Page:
Ticket prices for Thursday’s Game 5 of the Stanley Cup Finals in Pittsburgh are skyrocketing. There’s a simple reason why: the Penguins have an opportunity to win the Stanley Cup at home for the first time in franchise history. Not only that, but the Penguins can be the first Pittsburgh team to win a championship at home since Bill Mazeroski’s walk-off grand slam lifted the Pirates over the Yankees in Game 7 of the 1960 World Series. Hence why many Pittsburgh fans are dying to see something that usually happens once every fifty years or so.
In theory, you would think that Pittsburgh would come out even more motivated Thursday night given that they have a chance to hoist the Stanley Cup in front of their home fans. It led me to wonder whether teams in these close-out situations have done well historically across all the major sports.
My guess was that teams playing at home with a chance to win a championship have done well over the years. Yet, as it turns out, they have done exceptionally well.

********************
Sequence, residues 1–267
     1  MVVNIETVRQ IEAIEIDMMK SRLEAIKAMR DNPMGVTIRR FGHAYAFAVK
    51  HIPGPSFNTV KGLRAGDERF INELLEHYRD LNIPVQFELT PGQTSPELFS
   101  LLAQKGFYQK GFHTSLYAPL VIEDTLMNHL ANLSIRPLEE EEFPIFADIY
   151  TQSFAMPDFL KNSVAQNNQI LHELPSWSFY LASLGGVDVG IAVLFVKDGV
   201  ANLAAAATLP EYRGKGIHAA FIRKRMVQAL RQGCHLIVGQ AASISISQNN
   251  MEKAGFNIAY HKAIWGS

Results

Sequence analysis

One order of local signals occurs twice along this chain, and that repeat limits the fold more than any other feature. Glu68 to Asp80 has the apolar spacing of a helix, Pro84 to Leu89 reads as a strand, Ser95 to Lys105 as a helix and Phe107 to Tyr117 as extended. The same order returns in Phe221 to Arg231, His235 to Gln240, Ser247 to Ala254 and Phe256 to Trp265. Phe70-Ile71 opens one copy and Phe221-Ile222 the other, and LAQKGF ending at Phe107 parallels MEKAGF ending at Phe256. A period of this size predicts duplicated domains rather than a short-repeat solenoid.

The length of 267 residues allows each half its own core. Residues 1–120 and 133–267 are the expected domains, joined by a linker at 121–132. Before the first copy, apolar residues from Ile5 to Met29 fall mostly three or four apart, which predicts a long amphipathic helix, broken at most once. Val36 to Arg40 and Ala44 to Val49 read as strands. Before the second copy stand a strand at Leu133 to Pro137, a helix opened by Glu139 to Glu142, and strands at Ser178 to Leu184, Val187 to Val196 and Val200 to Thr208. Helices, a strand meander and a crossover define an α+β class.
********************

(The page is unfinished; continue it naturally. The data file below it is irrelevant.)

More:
Excluding the NFL because the Super Bowl is played on a neutral field, MLB, NBA, and NHL teams in these situations since 1980 have gone a combined 58-14 (.806). That’s a staggering win percentage, and that’s why Pittsburgh fans should be excited for Game 5.
But before writing off the Sharks, it’s important to note that road teams facing these dire situations in hockey have performed better than baseball and basketball teams. Home teams are only 20-9 (.690) since 1980, which is more encouraging for the Sharks considering that teams playing at home with a chance to win a championship are 19-3 (.864) in baseball and 19-2 (.905) in the NBA.
Having said that, I’m officially abandoning the San Jose bandwagon after picking them to win the Cup before this series started. Sorry Sharks fans (and Luke). If the odds are stacked against you guys to win Game 5, then how likely is it that you will stave off not one, but two elimination games in Pittsburgh? (Not to mention the fact that the Sharks must win Game 6 to force a Game 7)
In short, the city of Pittsburgh is about to party like it’s 1960. And as I’ll explain further after the Penguins presumed victory in Game 5, this might become a habit for them over the next few years…